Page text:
Fetal Circulation(Dr Nasira)

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Fetal Circulation
Fetal
Circulation
Salient Features of Fetal
Growth
• Placenta is very active.
• Liver and lungs are passive.
• Head is growing faster.
Hemodynamics of Fetal
Circulation
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Venous and arterial blood mix up in atria
The venacava carries mixed blood to the
right atrium bypassing liver and lungs.
Aorta carries mixed blood back to placenta
Blood circulation in the fetus is never as
saturated with oxygen as that blood
circulating through the adult. That is,
difference in oxygen tension between blood
of the umbilical arteries is much less than
that of adult venous and arterial blood.
Fetal
Circulation
Course of Fetal Circulation
Pre-delivery phase
• The arterial blood flows to the fetus through
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the umbilical vein.
It passes to the undersurface of liver and
separates in to two branches.
Lager is joined by the portal vein and enters
the right lobe of the liver.
The other continued upwards as ductus
venosus and joins the inferior venacava.
In the inferior venacava blood carried by the
ductus venosus and hepatic veins becomes
mixed with blood returning from the lower
extremities, so it is a mixture of oxygenated
and de oxygenated blood
Continued
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It enters the right atrium and is directed
through the foramen ovale into the left atrium.
In the left atrium, it mixes with a small quantity
of blood returning from the lungs through the
pulmonary veins.
• From the left atrium, blood passes into the left
ventricle, and from the left ventricle into the
aorta. From the aortal it is distributed almost
entirely to the head and upper extremities – a
small quantity of blood continuing into the
descending aorta.
Continued
• After circulation in the head and upper
extremities, blood is returned by the superior
vena cava to the right atrium, where it mixes
with a small portion of that blood entering from
the inferior vena cava.
• From the right atrium it descends into the right
ventricle and passes into the main pulmonary
artery.
• From the pulmonary artery, most of the blood
passes trough the ductus arterioss into the
aorta, where it mixes with blood from the left
ventricle.
Continued
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Some of the blood with main pulmonary artery is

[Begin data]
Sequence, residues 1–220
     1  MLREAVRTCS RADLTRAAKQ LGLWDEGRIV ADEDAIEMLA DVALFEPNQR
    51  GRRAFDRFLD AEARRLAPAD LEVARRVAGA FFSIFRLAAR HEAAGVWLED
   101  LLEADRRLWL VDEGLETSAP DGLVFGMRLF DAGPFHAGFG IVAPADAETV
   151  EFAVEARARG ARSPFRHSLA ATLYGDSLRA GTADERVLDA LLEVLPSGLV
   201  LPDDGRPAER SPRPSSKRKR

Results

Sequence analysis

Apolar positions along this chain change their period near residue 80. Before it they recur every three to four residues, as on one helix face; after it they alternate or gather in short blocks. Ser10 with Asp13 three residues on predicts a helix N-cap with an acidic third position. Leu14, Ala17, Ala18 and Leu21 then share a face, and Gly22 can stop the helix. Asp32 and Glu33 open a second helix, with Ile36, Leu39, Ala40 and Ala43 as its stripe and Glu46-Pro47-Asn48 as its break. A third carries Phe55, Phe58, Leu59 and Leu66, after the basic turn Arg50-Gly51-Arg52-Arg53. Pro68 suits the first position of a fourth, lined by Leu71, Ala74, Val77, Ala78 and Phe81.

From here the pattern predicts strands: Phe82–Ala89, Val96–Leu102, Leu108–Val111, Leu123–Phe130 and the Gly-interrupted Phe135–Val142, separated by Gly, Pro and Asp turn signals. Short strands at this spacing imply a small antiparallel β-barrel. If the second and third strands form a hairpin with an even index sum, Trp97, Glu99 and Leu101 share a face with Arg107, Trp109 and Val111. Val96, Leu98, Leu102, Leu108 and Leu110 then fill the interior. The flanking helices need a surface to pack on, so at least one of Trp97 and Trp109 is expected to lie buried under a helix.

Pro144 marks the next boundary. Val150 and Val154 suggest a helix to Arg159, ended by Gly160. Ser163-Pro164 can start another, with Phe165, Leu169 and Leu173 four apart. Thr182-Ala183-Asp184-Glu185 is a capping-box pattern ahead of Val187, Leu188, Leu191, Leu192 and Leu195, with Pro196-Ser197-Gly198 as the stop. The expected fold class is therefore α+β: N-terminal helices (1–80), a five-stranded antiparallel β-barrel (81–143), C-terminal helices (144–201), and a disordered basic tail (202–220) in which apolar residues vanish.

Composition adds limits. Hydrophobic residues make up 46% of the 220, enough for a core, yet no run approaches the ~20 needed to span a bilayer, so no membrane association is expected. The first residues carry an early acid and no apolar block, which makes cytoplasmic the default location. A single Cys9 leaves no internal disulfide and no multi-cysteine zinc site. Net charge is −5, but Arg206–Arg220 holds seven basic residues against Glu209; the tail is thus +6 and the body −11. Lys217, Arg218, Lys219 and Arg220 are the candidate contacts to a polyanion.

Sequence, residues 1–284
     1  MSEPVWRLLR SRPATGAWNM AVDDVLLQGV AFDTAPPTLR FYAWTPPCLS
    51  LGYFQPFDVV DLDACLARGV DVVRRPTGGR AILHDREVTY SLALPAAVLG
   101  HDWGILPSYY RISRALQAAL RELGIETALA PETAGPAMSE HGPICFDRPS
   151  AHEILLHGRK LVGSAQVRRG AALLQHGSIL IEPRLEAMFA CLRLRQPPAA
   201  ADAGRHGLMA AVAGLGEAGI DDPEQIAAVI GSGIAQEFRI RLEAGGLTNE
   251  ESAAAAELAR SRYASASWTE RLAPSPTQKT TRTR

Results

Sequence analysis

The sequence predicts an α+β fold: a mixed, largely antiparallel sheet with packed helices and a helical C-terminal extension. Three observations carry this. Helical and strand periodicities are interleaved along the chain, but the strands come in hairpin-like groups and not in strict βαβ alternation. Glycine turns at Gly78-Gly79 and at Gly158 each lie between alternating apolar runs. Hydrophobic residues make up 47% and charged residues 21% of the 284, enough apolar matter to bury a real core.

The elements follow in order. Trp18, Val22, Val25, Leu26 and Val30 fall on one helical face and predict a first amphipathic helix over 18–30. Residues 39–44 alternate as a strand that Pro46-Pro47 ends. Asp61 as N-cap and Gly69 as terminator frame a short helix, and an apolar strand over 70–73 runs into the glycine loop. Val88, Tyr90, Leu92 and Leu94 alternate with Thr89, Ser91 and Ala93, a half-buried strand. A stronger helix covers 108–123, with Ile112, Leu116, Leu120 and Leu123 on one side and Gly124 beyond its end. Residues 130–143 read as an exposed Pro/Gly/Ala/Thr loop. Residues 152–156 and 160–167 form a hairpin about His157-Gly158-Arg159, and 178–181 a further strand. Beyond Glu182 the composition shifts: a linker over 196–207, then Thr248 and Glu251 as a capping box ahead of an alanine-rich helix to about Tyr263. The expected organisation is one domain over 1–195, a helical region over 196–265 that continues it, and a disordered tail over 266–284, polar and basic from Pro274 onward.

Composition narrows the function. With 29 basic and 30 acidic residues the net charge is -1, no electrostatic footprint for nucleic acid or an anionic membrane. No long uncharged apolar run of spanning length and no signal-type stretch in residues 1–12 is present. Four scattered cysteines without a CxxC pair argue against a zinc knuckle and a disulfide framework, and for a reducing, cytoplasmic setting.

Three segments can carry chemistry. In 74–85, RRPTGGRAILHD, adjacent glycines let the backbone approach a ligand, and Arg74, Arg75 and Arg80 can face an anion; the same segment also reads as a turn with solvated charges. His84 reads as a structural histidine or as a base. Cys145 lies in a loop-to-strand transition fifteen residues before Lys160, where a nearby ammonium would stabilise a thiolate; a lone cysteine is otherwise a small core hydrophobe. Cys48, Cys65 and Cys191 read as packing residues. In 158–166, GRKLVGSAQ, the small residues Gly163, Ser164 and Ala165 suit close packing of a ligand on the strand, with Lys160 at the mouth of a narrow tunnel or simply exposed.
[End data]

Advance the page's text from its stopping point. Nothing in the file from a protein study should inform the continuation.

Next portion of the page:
distributed to the lungs by the right and left
pulmonary arteries. The pulmonary veins returns
this blood the the left atrium.
• The blood passing from the main pulmonary
artery through the ductus arteries descends
through the aorta and is in part distributed to the
lower extremities and viscera of the abdomen and
pelvis. The greater amount is conveyed by the
hypogastric arteries to the umbilical arteries The
umbilical arteries return the blood to the
placenta.
Intermediate Phase
• Immediately after delivery , the baby begins to
breathe, and pulmonary circulation changes, An
increased quantity of blood is pumped into the
pulmonary arteries by the right ventricle, and a
smaller quantity passes through the ductus arteriosus.
The ductus arteriosus begins to atrophy, eventually
becoming the ligamentum arteriosum.
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Pulmonary circulation increases, and more blood is
returned from the lungs to the left atrium. Pressure
rises in the left atrium, causing the foramen ovale to
close. Placental circulation ceases to function as soon
as the umbilical cord is tied. The ends of the
hypogastric arteries atrophy, and these vessels
become the hypo-gastric ligaments.
Adult Phase
• Closure of ductus arterosus in early postnatal
period due to reflex action secondary to increased
oxygen tension and the interaction of prosta
glandin
PDA
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machinery murmur
Obliteration of foramen ovale – 6 to 8 weeks
Patent foramen ovale with few or no symptoms
• Occluded umblical vein – ligamentum teres
• Obliterated ductus venosus – ligamentum
venosum
Hemodynamics of Normal
Adult
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Venous and arterial blood no longer mix in the
atria
The venacava carries only deoxygenated blood
into the right atrium and right ventricle which
is pumped to the pulmonary arteries and
finally to the pulmonary capillaries
Aorta carries only oxygenated blood from the
left heart via the pulmonary veins for
distribution to the rest of the body.
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